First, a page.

Yes, will be working remotely from the boat starting in Maine and then down the ICW. Use cell phone for WiFi hotspot with Shakespeare cell booster. I have AT&T and hubby has Straight Talk so one of us has service just about everywhere. We save the really remote/non-cell locations for the weekends.


    We're Mainers currently cruising and working remotely from the boat. We're in RI making our way south.  We have unlimited wifi through the Calyx Institute (anywhere Sprint and T Mobile work). I don't hide it, but Zoom lets you do a virtual background if you wanted to hide where you are. Maybe put a sock on the ladder when you're on a call?


    Definitely the plan for at least part of the summer but for the most part from our mooring in South Portland rather than cruusing. I know I have a good cell signal from there. The real problem for me is trying to stay comfortable sitting on the boat for a extended time. I'm fine at an ergonomic desk chair but on the boat I need to move much more often, so we will see how it goes.



    I’m there this summer - remote teaching 3 classes while heading up and back from Down East.


    This may be of interest to live-aboards or those who wish to be very connected but Elon Musk confirmed via Twitter that Starlink will be available to moving vehicles as the sats populate the sky. One caveat is that I think in their current form the dishes consume a lot of electricity. Still, if you want 100+ megabit connection at sea..


    I’m impatiently waiting for a marine Starlink kit. The extra speed would help me finish my work earlier and get me out enjoying nature that much sooner each day. Plus not needing to worry about being in 4G range would be a game changer for us

  16. 54 minutes ago, Se7en said:

    Smart - pretty much guarantees buying new books for second hand book prices.

    We restored a vacant old house in town and the owner turned it into a used bookstore. It was never planned to be profitable (thank god). It's a self serve bookstore normally with no clerk present: Leave your cash or check in the slot. 


    The above is todays truth. New books, many out of print, are the bulk of used books today. 

    Print is all over the place. Used books can be trash or treasure. We go through this all the time here (I manage the property). After the last 'sale' to benefit the local library, we're looking at a familiar upcoming 'purge'.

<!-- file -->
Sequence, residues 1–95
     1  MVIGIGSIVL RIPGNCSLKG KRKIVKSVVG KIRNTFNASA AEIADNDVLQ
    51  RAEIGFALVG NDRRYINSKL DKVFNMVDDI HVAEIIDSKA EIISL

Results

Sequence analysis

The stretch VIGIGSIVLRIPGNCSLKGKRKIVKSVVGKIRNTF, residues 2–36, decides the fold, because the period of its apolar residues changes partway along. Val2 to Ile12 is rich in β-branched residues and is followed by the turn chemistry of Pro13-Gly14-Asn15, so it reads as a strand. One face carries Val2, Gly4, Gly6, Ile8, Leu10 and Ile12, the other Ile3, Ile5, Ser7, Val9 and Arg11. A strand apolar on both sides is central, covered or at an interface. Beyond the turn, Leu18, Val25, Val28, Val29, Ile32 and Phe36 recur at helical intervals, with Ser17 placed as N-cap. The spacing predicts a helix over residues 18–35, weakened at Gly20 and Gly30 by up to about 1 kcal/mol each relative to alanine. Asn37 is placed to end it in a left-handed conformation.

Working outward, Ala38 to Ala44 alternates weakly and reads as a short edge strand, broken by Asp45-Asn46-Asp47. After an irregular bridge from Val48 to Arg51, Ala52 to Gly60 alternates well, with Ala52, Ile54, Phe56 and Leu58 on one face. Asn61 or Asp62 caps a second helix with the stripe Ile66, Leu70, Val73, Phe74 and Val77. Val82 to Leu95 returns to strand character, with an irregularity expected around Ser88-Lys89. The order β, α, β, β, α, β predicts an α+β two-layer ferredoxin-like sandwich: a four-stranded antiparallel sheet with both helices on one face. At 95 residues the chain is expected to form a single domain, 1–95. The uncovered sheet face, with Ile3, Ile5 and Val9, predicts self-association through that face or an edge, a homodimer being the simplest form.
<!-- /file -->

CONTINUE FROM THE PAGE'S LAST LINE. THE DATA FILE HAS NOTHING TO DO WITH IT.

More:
After seeing how this worked in Venice a few years ago, I'm always tempted to 'build' something with the books.

    But I know too much about buildings,...and future maintenance. 




    • Like 1
  17. 7 minutes ago, accnick said:

    I have worked primarily remotely for the last 30 years, in that I have not had a permanent office outside my house or boat except for stretches working in fixed locations around the world for anything from a week to six months at a time, depending on the job.

    It's a lot easier now than it used to be. When we were off cruising in our sailboat 20 years ago, I had a Nera mini-M satellite terminal, which was compact, but painfully slow and ridiculously expensive. I used to spend most of my monthly retainer on one job just checking and answering email on that thing.

    We haunted internet cafes in various locations around the world in those days.

    Fast-forward to today, and on the boat I use multiple cell phones to locate a signal good enough to establish a hotspot, if there is no usable local wifi. If I rent a float or a mooring in a larger harbor (think Camden or Belfast), you usually get a wifi password to use. 

    I have a wifi booster that looks like a VHF antenna, with a modem down below. That is usually (but not always) usable even with NE Harbor's lousy public wifi.

    As mentioned before, if you are a Comcast/Xfinity customer, you often have access to their local networks, including in odd places like Roque Island. Someone there or nearby is obviously an Xfinity customer

    Every Maine public library has free high-speed wifi, even the tiny ones. In pre-covid days, we would just go into one of those if there was no alternative source accessible on the boat.

    Is it always convenient? No.

    Does it beat going into an office every day? Yes.

    This is our current boat, Calypso. Same name as our last sailboat. Not exactly a trawler, but close enough from the perspective of a lot of sailors. 1962952466_Calypso34.thumb.JPG.c8142e7ad65893ad26227035bd3f4162.JPG

    Stop by and say hello if you see us.



    I recognize your boat, now. I'm sure I've seen it NEH. Pretty 'office'.

    I have to keep up some work correspondence and have been able to hot spot the phone to a laptop, when I need to. It's just going to be more of a thing this season, much more I bet.  

  18. 29 minutes ago, Elegua said:

    Yeah. That and updating the weather over cellular. 

    I just read some reviews on this cell booster: 


    The only measure was a report that it 'boosted signal by two bars'.

    So this wouldn't necessarily get a remote worker a signal that he could hot spot to and work online (not a lot of data back and forth, of course), but it could if they were on the fringe of a good signal. 

    • Like 1
  19. 20 hours ago, Elegua said:

    Cell service has improved tremendously over the past 10 years.  I remember having to row the dinghy in small circles in the half of the harbor that got good reception.  Now I can get decent service most places. 

    Still not as good as the "shithole" countries I used to live, where I could get solid reception at the top of a 4k meter mountain and other out of the way places.  My personal "best" (worst?) is holding the HR review for my department with the head of HR in Australia while having my wife quietly gybing the assy on an SB3 as we went up the Johore river.  

    I'm not ready for video, but I am debating installing a cell booster... 

    Cell booster, is that the go-to for remote workers afloat? What is it? :)

  • Create New...